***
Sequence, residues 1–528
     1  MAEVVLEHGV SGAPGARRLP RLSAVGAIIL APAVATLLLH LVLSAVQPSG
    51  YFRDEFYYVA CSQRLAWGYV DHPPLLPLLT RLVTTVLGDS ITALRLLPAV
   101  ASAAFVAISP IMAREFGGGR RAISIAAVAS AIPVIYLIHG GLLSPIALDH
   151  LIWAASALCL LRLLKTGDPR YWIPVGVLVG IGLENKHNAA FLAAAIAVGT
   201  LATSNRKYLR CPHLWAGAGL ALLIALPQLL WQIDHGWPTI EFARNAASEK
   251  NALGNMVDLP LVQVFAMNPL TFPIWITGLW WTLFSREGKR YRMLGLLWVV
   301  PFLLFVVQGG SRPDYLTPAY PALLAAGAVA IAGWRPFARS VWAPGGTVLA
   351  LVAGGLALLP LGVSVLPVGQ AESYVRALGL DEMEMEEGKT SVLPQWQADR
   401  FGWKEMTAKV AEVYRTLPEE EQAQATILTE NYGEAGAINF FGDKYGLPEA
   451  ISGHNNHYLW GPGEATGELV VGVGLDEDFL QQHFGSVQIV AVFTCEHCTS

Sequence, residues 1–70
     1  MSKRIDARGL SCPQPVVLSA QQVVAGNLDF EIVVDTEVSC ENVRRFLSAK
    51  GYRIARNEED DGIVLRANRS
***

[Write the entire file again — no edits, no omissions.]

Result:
Sequence, residues 1–528
     1  MAEVVLEHGV SGAPGARRLP RLSAVGAIIL APAVATLLLH LVLSAVQPSG
    51  YFRDEFYYVA CSQRLAWGYV DHPPLLPLLT RLVTTVLGDS ITALRLLPAV
   101  ASAAFVAISP IMAREFGGGR RAISIAAVAS AIPVIYLIHG GLLSPIALDH
   151  LIWAASALCL LRLLKTGDPR YWIPVGVLVG IGLENKHNAA FLAAAIAVGT
   201  LATSNRKYLR CPHLWAGAGL ALLIALPQLL WQIDHGWPTI EFARNAASEK
   251  NALGNMVDLP LVQVFAMNPL TFPIWITGLW WTLFSREGKR YRMLGLLWVV
   301  PFLLFVVQGG SRPDYLTPAY PALLAAGAVA IAGWRPFARS VWAPGGTVLA
   351  LVAGGLALLP LGVSVLPVGQ AESYVRALGL DEMEMEEGKT SVLPQWQADR
   401  FGWKEMTAKV AEVYRTLPEE EQAQATILTE NYGEAGAINF FGDKYGLPEA
   451  ISGHNNHYLW GPGEATGELV VGVGLDEDFL QQHFGSVQIV AVFTCEHCTS

Sequence, residues 1–70
     1  MSKRIDARGL SCPQPVVLSA QQVVAGNLDF EIVVDTEVSC ENVRRFLSAK
    51  GYRIARNEED DGIVLRANRS